Baryshnikov Arts Center

Baryshnikov Arts Center Presents

Gidon Kremer

Oct 31-Nov 1, 2017

“Gidon Kremer’s incandescent violin playing illuminates any style of music he chooses to focus on.”
-The New Yorker

Violin legend Gidon Kremer performs 24 Preludes by 20th century Polish-born Soviet composer Mieczyslaw Weinberg, whose music shares common ground with that of his friend and mentor Shostakovich, while maintaining its originality by incorporating myriad musical styles. A champion of Weinberg, Kremer gives the first U.S. performance of his transcription of the composer’s technically and emotionally complex score.


Mieczyslaw Weinberg: 24 Preludes, Op. 100 (transcribed from cello to violin by Gidon Kremer)

Leadership support for music programming in 2017 provided by the Anne and Chris Flowers Foundation and the Thompson Family Foundation.

Artist Bio
Gidon Kremer

Gidon Kremer

Driven by his strikingly uncompromising artistic philosophy, Gidon Kremer has established a worldwide reputation as one of his generation’s most original and compelling artists. He has championed the works of Russian and Eastern European composers and performed many important new compositions, several of which have been dedicated to him.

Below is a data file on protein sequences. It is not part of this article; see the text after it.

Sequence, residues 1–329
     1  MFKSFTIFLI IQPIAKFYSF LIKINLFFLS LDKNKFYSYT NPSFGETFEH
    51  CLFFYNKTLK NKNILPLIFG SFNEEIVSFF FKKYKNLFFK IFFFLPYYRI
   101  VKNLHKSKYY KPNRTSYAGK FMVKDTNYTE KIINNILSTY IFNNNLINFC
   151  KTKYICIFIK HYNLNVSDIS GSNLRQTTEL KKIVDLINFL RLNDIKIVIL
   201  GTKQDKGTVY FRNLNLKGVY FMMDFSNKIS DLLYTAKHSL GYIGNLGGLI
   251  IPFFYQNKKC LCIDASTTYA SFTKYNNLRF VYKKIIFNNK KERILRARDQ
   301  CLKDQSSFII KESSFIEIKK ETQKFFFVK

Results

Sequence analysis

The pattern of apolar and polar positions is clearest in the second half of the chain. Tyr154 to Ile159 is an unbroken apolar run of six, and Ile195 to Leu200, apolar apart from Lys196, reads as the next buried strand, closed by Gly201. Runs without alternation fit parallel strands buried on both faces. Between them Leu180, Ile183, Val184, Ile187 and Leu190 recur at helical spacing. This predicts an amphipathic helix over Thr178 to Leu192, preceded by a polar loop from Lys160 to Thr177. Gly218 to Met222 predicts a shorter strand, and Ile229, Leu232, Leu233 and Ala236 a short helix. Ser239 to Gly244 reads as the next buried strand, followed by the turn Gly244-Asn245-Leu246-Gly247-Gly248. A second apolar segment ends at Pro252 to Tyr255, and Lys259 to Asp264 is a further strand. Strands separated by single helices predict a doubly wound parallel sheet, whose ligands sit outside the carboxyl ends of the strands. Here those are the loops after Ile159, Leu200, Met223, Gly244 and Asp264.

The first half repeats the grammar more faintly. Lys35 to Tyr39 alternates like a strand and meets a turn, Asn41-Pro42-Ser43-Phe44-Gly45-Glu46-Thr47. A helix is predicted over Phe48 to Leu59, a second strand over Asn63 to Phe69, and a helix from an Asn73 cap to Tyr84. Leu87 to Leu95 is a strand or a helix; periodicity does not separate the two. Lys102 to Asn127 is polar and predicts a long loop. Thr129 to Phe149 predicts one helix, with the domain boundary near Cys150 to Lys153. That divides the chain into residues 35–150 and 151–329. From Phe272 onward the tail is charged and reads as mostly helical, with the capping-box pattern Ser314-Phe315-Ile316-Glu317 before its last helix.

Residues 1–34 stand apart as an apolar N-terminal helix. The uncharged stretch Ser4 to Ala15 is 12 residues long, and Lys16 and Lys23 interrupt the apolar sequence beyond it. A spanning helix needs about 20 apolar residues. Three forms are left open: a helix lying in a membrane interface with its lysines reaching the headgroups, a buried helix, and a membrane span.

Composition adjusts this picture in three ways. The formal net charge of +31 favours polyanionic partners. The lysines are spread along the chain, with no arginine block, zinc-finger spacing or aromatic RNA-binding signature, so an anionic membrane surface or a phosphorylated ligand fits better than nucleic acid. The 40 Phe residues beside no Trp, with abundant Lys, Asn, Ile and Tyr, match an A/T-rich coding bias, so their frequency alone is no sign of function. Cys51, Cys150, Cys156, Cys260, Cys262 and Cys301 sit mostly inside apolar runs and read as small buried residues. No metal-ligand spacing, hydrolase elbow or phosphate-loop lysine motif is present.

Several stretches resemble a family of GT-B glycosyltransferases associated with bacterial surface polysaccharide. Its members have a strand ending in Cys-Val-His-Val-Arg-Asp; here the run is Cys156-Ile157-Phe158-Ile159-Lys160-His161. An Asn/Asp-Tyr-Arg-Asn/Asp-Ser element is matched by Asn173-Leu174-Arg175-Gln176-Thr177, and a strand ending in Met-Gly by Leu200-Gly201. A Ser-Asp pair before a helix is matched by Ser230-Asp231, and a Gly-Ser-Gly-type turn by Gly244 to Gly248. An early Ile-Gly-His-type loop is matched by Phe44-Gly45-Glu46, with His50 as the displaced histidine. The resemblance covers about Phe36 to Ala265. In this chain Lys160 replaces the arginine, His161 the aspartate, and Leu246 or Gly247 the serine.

His name is closely associated with such composers as Alfred Schnittke, Arvo Pärt, Giya Kancheli, Sofia Gubaidulina, Valentin Silvestrov, Luigi Nono, Edison Denisov, Aribert Reimann, Pēteris Vasks, John Adams, Victor Kissine, Michael Nyman, Philip Glass, Leonid Desyatnikov, and Astor Piazzolla. It is fair to say that no other soloist of comparable international stature has done more to promote the cause of contemporary composers and new music for violin. Kremer has recorded over 120 albums, many of which have received prestigious international awards in recognition of their exceptional interpretative insights. His long list of honors and awards include the Ernst von Siemens Musikpreis, the Bundesverdienstkreuz, Moscow’s Triumph Prize, the Unesco Prize and the Una Vita Nella Musica – Artur Rubinstein Prize. In 2016 Kremer received a Praemium Imperiale prize that is widely considered to be the Nobel Prize of music.

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